Remember blogrolls? Those lists of recommended links to other websites usually placed in the sidebar used to be ubiquitous. You don’t see them as much nowadays. And that’s a good thing. They are bad for your website in many ways and should be left in the 1990s where they belong.
Some argue that providing your visitors with a list of links to interesting sites is a useful service. It helps build the community spirit that fuels the blogosphere. It allows you to thank other site owners for their content or any other reason by giving them exposure. It demonstrates generosity and knowledge of your online ecosphere. It gets you noticed (blog software notifies you of incoming links). It supposedly helps your Google ranking by encouraging reciprocal links.
Blogrolls certainly haven’t disappeared. Some very big photography sites still have them including The Lens, Lightbox, Vincent Laforet’s and John Harrington’s blogs. I’m pretty sure Chase Jarvis had one too but it seems to be gone. A few clients have told me early on that they had planned to include one.
I always advise against it. There are many reasons to avoid blogrolls.
By far the most important argument against theme is that they provide almost no value to the visitor. Listing a website without providing any context or justification for the recommendation is pretty much pointless. It tells visitors “You should click on this link” but without explaining why or what is to be found on the other end of the link. A fundamental rule of good UX in web design is that a link should leave no room for doubt in the visitor’s mind as to its destination. No-one will click on a link to find out where it will send them simply because it’s there.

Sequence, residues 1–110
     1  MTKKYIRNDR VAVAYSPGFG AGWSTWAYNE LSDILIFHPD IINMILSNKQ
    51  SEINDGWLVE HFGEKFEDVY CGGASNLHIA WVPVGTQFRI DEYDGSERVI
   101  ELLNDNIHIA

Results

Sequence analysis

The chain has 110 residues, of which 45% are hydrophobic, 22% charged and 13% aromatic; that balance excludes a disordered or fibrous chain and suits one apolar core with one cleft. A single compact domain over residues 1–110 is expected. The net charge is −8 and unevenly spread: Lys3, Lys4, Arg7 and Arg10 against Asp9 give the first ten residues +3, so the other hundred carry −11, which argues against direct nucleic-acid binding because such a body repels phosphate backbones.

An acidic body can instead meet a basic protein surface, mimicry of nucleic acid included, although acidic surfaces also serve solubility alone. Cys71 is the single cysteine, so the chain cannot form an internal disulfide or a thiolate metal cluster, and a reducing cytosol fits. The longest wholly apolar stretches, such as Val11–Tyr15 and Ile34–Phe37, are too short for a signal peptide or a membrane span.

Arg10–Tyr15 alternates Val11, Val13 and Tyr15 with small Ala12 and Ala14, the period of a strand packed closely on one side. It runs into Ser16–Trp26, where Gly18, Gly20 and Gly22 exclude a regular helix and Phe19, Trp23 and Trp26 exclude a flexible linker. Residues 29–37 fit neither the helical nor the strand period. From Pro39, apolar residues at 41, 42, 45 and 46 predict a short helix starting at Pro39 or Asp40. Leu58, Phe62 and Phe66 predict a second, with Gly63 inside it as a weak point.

Even if your visitors hold you in great esteem and follow your advice religiously you are still leaving them in the dark about why you think this site is so fantastic. In fact they don’t even know if you think it’s that fantastic at all. Maybe you included that link because the site’s owner is a friend or because he links back to your site. Maybe he even paid you to be listed.
If you genuinely recommend a site to your visitors write a post about it explaining why you think they should pay a visit, use their services, hire the owner, etc. Now that’s a useful service for your readers.
Who doesn’t like incoming links? Dishing them out is generous, no doubt about it. The problem is your site has an audience and that audience doesn’t care and shouldn’t be expected to care that you wish to thank X, Y or Z. It’s simply irrelevant to your visitors.
Google doesn’t like site-wide links much and blogrolls – at least on traditionally formatted blogs – blogrolls tend to appear in the sidebar or the footer which are displayed on every page. In addition links in blogrolls will frequently be reciprocated often artificially, some will be purchased, both of which will hurt your SEO. In all cases they are low quality links and Google knows that.
And there are still more reasons to ditch your blogroll. They take up valuable real estate particularly on a minimalist site, as a photographer’s website should be. They require you to keep checking the links to make sure the sites are still worthy of your recommendation or simply still active. They can upset the owners of sites that have been left out. They belong to the Web 1.0. They are ugly.